As we move into the third quarter of the fiscal year, we continue to keep our sights set on increasing the mission-capable rate of F/A-18E/F Super Hornets.
Part of the Naval Sustainment System (NSS) model, Fleet Readiness Center (FRC) reform is driving our efforts on the Super Hornets, and those reforms and process improvements will be applied across other type/model/series (TMS) aircraft as we continue the push to increase readiness.
Commander, Fleet Readiness Centers (COMFRC) has a three-pronged approach:
- —having materials sorted in the receiving area and ready for use
- —treating the artisan as a surgeon with all his tools, equipment and parts available around the aircraft prior to beginning the work
- —communicating more openly and frequently with fleet squadrons
It is all about velocity and getting aircraft, engines, components and support equipment through repair lines and back on the flight line as quickly as possible.
At FRC Southwest (FRCSW), the first depot to undertake NSS, they saw an initial 30-percent reduction in the number of issue-priority-group-one backorders or unfilled high-priority requisitions, and it continues to improve.
Depot-level transformation at FRCSW is focused around three activities:
- —prioritized by shops that most affect Super Hornet readiness, including the hydraulics, landing gear, canopy and generator convertor unit shops
- —addressing issues inhibiting repairs and resolving material delays
- —creating necessary changes to people, processes and systems to ensure gains are sustainable
Naval Air Station (NAS) Lemoore, California, FRC West (FRCW) has applied the same best practices, resulting in significant changes to their Planned Maintenance Interval (PMI) line. Planned maintenance is a proactive approach in which specific maintenance is scheduled on a regular basis.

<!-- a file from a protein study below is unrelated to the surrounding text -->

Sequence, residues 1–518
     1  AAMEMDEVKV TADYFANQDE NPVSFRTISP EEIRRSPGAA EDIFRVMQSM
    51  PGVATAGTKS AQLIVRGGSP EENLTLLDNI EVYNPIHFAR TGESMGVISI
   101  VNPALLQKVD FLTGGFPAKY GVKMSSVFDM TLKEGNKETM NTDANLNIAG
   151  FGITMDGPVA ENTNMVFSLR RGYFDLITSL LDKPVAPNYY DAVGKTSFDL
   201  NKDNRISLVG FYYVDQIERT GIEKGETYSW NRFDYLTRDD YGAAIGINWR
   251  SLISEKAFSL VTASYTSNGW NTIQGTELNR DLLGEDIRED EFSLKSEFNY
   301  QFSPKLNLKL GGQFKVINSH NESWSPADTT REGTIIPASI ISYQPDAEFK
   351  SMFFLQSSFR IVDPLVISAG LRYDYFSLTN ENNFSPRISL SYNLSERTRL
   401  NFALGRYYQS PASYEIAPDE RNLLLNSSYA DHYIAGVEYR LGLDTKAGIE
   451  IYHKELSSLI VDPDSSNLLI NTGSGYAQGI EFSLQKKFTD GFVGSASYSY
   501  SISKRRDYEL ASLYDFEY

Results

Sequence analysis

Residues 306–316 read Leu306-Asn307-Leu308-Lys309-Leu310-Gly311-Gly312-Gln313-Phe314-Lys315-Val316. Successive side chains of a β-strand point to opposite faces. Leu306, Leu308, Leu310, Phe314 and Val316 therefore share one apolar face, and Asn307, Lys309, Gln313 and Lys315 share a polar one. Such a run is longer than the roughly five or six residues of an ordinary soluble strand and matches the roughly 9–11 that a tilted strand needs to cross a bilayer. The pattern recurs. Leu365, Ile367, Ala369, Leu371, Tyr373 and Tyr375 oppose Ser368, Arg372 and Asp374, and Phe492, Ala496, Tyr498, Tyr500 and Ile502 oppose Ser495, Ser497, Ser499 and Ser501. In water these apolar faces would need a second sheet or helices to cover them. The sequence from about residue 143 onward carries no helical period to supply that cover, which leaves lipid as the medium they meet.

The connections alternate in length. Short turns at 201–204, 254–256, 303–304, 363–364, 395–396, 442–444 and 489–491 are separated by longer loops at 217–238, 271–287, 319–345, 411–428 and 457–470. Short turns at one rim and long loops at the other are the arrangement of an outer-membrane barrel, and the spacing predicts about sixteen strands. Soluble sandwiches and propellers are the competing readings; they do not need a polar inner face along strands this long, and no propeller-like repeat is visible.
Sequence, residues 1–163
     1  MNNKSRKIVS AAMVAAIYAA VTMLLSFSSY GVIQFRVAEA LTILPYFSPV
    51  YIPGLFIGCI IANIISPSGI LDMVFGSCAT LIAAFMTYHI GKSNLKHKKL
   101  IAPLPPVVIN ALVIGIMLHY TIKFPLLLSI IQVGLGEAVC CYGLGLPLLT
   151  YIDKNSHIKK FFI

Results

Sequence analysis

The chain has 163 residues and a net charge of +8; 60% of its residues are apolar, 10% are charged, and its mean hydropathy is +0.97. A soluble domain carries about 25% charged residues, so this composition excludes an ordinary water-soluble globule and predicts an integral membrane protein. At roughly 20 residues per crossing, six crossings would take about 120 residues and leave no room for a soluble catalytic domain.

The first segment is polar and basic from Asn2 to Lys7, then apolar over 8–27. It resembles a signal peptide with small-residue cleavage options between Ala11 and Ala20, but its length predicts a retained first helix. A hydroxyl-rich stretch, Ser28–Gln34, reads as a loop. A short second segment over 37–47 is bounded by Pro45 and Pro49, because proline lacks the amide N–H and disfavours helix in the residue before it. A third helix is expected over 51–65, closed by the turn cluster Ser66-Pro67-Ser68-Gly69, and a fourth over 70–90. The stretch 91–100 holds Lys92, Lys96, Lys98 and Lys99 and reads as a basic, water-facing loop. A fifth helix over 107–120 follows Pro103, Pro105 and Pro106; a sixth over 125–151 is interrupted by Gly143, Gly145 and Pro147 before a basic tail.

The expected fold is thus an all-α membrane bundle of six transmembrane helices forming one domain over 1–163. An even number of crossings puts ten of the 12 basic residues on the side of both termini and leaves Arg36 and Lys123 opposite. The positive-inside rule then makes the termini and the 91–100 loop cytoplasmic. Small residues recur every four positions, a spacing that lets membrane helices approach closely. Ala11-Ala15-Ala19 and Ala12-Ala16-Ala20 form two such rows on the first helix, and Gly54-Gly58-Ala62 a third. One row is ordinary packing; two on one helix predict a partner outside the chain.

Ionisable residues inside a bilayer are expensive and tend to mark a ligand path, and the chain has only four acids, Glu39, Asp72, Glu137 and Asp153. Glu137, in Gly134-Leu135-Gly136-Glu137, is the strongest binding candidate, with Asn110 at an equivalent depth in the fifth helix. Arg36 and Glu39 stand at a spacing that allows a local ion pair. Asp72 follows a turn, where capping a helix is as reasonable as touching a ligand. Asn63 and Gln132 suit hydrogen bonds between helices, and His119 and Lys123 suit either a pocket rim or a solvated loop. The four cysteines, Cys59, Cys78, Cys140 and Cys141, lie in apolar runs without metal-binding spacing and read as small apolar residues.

Improvements at FRCW include the following:
- Maintaining standards designed to ensure the safety of the workforce
- Creating spaces and processes that maximize an artisan’s time spent on an aircraft
- Starting work on an aircraft only when the full work package is understood
- Ensuring supplies are in stock or easily ordered and tracked
- Staffing PMI lines with appropriate numbers and capabilities to meet the demand
- Providing engineering and analysis resources for faster turnaround times
- Inducting only mission-capable aircraft
In addition, each aircraft is assigned a dedicated work crew—along with a crew lead—and all the tools and equipment required to do the job. The creation of a PMI Planning Cell and Production Control Center (PCC) have also contributed to overall improvements. The stakeholders meet once or twice a day as a PMI Planning Cell to discuss the progress and barriers as well as plan for maintenance prior to aircraft induction. The PCC houses a status board that tracks all outstanding work orders and days to completion.
Results include a reduction in the PMI work in process from 10 to six aircraft, a significant reduction in engineering turnaround times and an increased focus on expediting delivery of needed parts. The frequency and depth of communication with squadrons and the air wing has also improved.
NSS changes are working